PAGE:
A possible game AI course exercise for StarCraft is as follows

  • Download a dataset from the available at the StarCraft: Brood War Data Mining repository
  • Implement two supervised learning algorithms in order to predict the player’s strategy based on a set of selected attributes. You can select from the algorithmic families of neural networks, decision trees and support vector machines, as covered in Chapter 2.
    • Hint: Feature selection might be important as we don’t really know which attributes are relevant for predicting a player’s plan. Some initial results on this dataset can be found in this paper by Weber and Mateas.

Platformer Experience Dataset

Reactions of Super Mario Bros players. Player behavioral and visual cues are available at the Platformer Experience Dataset

The extensive analysis of player experience in Super Mario Bros (Nintendo, 1985) and our wish to further advance our knowledge and understanding on player experience had lead to the Platformer Experience Dataset. This is the first open-access game experience corpus that contains multiple modalities of data from Super Mario Bros (Nintendo, 1985) players. The open-access database can be used to capture aspects of player experience based on behavioral and visual recordings of platform game players. In addition, the database contains aspects of the game context| such as level attributes, demographical data of the players and self-reported annotations of experience in two forms: ratings and ranks. Towards building the most accurate player experience models here is a number of questions you might wish to consider. Which AI methods should I use? How should I treat my output values? Which feature extraction and selection mechanism should I consider?

As a semester project on player experience modeling you are requested to

  1. Read carefully the description of the Platformer Experience Dataset and download the corpus.
  2. Choose one or more of the affective or cognitive states that are available to model (the output of the model).
  3. Use two different supervised learning algorithms to build player experience models that predict both the ratings and the rank labels of experience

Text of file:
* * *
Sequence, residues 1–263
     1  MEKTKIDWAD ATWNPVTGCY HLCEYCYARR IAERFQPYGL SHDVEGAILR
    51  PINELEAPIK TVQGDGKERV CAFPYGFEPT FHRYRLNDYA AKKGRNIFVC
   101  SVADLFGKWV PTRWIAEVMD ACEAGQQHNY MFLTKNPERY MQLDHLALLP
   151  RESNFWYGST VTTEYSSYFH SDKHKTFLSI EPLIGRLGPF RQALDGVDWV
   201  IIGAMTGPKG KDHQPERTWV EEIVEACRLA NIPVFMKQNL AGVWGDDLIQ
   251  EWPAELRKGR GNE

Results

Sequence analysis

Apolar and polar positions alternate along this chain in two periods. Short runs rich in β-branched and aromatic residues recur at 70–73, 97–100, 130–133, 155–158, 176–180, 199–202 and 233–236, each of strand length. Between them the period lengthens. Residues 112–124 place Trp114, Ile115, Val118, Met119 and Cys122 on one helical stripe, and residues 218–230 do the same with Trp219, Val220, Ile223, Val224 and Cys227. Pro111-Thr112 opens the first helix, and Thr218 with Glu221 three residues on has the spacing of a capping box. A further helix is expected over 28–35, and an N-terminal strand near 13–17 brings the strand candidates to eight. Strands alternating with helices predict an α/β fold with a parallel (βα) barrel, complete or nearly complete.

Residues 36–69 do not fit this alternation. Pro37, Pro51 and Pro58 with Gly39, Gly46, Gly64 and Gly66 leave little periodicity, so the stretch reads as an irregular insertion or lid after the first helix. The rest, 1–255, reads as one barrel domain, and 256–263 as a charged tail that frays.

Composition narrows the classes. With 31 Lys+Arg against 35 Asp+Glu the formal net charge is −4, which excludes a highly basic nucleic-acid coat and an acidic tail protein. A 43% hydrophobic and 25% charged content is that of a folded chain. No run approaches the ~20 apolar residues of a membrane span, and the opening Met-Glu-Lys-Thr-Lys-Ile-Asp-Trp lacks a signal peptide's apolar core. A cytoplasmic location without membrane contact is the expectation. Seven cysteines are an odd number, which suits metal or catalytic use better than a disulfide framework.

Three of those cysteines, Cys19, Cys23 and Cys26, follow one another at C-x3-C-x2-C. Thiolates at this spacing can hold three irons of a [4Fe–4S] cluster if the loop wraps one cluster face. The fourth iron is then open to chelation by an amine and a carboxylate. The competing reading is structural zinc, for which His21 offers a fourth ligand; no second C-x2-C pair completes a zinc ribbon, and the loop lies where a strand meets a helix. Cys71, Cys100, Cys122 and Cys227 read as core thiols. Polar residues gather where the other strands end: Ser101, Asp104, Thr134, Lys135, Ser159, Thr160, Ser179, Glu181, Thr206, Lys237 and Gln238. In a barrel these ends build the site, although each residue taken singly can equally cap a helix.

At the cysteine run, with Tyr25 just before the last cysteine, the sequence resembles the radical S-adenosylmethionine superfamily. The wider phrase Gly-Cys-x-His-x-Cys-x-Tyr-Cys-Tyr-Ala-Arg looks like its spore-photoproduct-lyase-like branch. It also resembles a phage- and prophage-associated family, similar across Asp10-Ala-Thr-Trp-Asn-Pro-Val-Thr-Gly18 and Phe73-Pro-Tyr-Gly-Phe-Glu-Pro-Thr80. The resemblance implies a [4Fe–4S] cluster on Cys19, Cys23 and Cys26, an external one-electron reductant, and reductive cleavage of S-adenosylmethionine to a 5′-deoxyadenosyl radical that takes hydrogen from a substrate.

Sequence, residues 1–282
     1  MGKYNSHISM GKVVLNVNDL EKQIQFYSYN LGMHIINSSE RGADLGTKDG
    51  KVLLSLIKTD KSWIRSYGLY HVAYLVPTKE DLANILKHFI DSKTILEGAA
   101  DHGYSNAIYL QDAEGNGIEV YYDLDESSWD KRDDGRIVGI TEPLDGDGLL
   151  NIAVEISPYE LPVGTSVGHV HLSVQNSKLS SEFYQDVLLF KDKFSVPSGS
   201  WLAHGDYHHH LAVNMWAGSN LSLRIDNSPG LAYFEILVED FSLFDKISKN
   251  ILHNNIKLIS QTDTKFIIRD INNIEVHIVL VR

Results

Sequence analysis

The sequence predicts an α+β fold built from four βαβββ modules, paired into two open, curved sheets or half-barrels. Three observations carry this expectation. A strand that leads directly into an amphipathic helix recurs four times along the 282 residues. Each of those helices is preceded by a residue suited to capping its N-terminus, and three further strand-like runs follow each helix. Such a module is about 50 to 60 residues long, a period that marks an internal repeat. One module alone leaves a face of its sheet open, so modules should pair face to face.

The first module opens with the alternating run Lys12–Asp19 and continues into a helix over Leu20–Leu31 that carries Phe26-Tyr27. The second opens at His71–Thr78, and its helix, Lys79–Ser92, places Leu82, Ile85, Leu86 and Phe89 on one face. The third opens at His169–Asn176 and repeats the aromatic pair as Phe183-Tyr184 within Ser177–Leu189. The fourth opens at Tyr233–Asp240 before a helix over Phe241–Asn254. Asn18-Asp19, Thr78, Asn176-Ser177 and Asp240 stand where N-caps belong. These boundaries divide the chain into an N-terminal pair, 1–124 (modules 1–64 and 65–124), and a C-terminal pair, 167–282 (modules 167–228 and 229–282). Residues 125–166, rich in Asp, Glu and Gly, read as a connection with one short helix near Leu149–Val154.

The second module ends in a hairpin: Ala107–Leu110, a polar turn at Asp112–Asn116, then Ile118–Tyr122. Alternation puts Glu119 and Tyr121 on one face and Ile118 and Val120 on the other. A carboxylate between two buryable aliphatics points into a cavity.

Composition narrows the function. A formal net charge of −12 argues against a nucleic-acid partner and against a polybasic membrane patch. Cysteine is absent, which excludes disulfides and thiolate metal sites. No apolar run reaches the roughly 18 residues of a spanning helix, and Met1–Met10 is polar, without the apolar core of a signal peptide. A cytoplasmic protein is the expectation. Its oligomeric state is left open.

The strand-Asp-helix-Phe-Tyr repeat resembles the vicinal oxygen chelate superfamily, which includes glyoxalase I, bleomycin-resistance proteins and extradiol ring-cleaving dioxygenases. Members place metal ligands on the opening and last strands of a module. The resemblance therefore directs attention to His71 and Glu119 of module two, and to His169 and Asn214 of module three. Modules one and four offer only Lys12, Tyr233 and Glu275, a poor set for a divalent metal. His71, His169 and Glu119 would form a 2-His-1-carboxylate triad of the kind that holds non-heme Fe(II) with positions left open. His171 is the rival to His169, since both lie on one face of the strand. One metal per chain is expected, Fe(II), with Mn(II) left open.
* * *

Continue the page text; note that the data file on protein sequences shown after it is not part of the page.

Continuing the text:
• Hint: Note that both ratings and ranks are ordinal data by nature. Also note that not all input attributes might be relevant for the modeling task. As an initial step, maybe consider only the behavioral data of the dataset as the input to your model. Then, consider adding the attributes that are extracted from the visual cues of the players.
    • Hint: The Preference Learning Toolbox might be of help in your efforts.
  4. Choose a performance measure and compare the performance of the algorithms on predicting experience ratings and ranks.

Maze-Ball Dataset

A screenshot from the 3D prey-predator Maze-Ball game. Image obtained from http://www.hectorpmartinez.com/

The Maze-Ball dataset is a publicly available game experience corpus (released by Hector P. Martinez) that contains two modalities of data obtained from Maze-Ball players: their gameplay attributes and three physiological signals: blood volume pulse, heart rate and skin conductance. In addition, the database contains aspects of the game such as features of the virtual camera placement. Finally the dataset contains demographical data of the players and self-reported annotations of experience in two forms: ratings and ranks.

As with the Platformer Experience Dataset your aim, once again, is to construct the most accurate models of experience for the players of Maze-Ball. So, which modalities of input will you consider? Which annotations are more reliable for predicting player experience? How will your signals be processed? These are only a few of the possible questions you will encounter during your efforts.

A possible course project on the Maze-Ball dataset is similar to the Platformer Experience Dataset above:

  1. Download the Maze-Ball dataset
  2. Choose one or more of the affective or cognitive states that are available to model (the output of the model).
  3. Use two different supervised learning algorithms to build player experience models that predict both the ratings and the rank labels of experience
    • Hint: Note that both ratings and ranks are ordinal data by nature. Also note that not all input attributes might be relevant for the modeling task. As an initial step, maybe consider only the behavioral data of the dataset as the input to your model. Then, consider features you could extract from the three physiological signals available in the dataset.
  4. Choose a performance measure and compare the performance of the algorithms on predicting experience ratings and ranks.